Denver to elect a new mayor for the first time since 2011

Welcome to the Tuesday, May 30, Brew. 

Here’s what’s in store for you as you start your day:

  1. A look at next week’s mayoral runoff in Denver
  2. States enacting more election-related legislation in 2023 than 2022
  3. Latest edition of Hall Pass: Montana becomes the 46th state to authorize charter schools

Denver to elect a new mayor for the first time since 2011

Welcome back! We hope you had a restful Memorial Day weekend. Let’s start the day with a look at one of the key elections set to take place next week: the runoff election for Mayor of Denver, Colorado. This is Denver’s fifth open mayoral election since 1959. Incumbent Michael Hancock (D), first elected in 2011, is term-limited. 

Kelly Brough and Mike Johnston are running in the June 6 runoff. They advanced from a field of 22 candidates in the April 4 general election, where Johnston received 25% of the vote, and Brough received 20%.

Denverite‘s Kyle Harris wrote that residents “are worried about the city’s affordability … public safety and rising crime … [and] homelessness. People want solutions, and it’s clear that the people of the city understand that the mayor’s seat can try to tackle many of these issues.” Harris added, “The mayor is powerful … [and] often described as the strongest elected position in the state.”

Harris said Brough and Johnston are “centrist candidates … [who] cleaved toward the middle, offering an optimistic vision while gently pushing for using policing in their homelessness solutions.” While the election is officially nonpartisan, Brough and Johnston are both Democrats. Denver’s last Republican mayor was Richard Batterton, who served from 1959 to 1963.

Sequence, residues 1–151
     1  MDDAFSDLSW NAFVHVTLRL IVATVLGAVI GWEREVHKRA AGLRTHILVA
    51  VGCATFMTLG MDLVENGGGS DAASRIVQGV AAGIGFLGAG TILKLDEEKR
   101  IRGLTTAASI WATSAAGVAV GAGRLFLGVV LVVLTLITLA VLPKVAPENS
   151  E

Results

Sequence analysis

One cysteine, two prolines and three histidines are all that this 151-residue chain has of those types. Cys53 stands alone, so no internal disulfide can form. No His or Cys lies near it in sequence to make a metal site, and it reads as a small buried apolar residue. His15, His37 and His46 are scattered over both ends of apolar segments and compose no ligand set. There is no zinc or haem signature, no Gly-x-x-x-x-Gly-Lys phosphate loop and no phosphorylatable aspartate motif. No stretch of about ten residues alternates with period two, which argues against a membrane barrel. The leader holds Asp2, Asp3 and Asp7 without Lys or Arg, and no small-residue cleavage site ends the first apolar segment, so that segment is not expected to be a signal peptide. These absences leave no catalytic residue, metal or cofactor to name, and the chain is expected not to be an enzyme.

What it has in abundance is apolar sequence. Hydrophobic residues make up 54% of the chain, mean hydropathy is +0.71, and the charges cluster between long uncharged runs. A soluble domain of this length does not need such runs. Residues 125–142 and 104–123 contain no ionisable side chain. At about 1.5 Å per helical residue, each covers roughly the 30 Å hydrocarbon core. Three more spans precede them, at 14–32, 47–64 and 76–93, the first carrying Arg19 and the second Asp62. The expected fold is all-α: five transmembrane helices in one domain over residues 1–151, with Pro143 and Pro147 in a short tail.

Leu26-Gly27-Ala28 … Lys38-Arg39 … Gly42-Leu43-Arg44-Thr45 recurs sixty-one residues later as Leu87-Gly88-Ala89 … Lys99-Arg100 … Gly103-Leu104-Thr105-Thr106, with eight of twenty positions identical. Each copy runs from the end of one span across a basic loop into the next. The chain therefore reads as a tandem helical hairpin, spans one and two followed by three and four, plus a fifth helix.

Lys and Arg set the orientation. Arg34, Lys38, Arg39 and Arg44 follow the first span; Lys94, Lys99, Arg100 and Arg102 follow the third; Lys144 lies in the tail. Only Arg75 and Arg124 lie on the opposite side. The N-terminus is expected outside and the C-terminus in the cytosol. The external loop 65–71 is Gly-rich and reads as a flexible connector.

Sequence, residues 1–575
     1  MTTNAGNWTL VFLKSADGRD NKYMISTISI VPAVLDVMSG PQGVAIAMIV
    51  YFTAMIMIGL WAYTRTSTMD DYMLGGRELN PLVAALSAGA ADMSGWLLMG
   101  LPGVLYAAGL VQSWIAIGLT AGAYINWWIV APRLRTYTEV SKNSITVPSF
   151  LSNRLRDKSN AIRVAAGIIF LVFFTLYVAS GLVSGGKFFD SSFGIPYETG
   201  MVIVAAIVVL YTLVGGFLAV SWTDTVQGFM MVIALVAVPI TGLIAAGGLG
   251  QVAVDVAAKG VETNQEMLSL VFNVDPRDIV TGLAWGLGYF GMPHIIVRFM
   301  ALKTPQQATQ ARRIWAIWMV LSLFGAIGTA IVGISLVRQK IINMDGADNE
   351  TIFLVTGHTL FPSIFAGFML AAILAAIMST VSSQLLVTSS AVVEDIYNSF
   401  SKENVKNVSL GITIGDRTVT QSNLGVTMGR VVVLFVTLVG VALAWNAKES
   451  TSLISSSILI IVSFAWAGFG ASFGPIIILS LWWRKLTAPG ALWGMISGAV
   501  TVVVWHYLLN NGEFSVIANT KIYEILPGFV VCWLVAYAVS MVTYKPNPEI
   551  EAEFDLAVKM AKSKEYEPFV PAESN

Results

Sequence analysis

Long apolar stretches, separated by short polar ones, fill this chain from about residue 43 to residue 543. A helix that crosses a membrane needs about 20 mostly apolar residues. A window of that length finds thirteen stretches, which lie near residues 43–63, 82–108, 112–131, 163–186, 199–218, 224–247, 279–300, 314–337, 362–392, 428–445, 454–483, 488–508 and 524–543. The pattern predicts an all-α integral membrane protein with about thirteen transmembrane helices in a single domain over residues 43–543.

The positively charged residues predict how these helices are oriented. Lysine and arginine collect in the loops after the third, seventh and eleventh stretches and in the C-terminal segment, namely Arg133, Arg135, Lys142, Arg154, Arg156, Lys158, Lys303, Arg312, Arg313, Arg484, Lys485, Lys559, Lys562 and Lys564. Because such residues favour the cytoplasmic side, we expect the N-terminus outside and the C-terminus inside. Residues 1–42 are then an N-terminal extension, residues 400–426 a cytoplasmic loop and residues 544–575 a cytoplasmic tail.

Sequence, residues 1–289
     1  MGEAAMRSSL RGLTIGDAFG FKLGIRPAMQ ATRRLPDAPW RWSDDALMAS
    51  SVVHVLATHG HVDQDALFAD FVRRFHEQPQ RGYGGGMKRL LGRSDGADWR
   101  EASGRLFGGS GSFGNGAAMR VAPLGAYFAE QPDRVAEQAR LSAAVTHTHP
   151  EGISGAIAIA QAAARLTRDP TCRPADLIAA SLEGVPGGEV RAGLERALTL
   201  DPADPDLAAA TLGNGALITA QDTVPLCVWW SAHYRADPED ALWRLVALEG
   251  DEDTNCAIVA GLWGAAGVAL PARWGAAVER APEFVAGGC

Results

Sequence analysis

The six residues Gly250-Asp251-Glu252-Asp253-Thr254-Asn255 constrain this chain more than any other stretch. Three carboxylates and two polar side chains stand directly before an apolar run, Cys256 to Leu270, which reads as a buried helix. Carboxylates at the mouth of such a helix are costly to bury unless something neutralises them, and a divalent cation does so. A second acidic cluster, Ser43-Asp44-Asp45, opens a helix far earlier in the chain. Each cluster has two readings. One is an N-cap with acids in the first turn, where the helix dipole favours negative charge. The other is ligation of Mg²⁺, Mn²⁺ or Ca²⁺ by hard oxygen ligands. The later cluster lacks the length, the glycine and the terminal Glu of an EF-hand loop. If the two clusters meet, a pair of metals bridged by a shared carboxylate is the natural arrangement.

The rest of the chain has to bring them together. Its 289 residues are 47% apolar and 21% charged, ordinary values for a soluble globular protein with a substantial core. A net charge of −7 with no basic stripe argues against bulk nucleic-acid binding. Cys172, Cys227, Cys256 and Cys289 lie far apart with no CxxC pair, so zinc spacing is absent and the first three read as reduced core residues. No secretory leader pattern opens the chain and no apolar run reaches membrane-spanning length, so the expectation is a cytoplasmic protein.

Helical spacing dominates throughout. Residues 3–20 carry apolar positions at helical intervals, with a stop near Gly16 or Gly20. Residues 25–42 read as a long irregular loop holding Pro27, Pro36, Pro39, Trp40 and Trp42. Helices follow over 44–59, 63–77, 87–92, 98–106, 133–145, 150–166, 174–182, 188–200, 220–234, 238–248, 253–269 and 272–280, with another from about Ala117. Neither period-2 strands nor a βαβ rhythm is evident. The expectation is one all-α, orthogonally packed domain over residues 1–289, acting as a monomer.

Brough was chief of staff for former Mayor John Hickenlooper (D) from 2003 to 2009 before becoming president and C.E.O. of the Denver Metro Chamber of Commerce, a post she held until 2021. 

Brough’s endorsers include former Gov. Bill Ritter (D), former mayors Bill Vidal (D) and Wellington Webb (D), the Denver Police Protective Association, and the Marijuana Industry Group. The Republican Party of Denver also endorsed Brough. Andy Rougeot, the only Republican candidate to run this year, did not advance to the runoff. 

Johnston is a former educator and school administrator who served in the state Senate from 2007 to 2019. He finished third in the state’s 2018 Democratic gubernatorial primary.

Johnston’s endorsers include U.S. Rep. Brittany Pettersen (D), former Mayor Federico Peña, and a number of local unions, including the Denver Area Labor Federation. Six candidates who ran in the April general election but did not advance to the runoff, including third-place finisher Lisa Calderón and fifth-place finisher Leslie Herod, also endorsed Johnston. 

An April poll found 38.9% of respondents supported Johnston and 34.1% supported Brough, a difference within the poll’s 4.8% margin of error. Twenty-seven percent of respondents were undecided.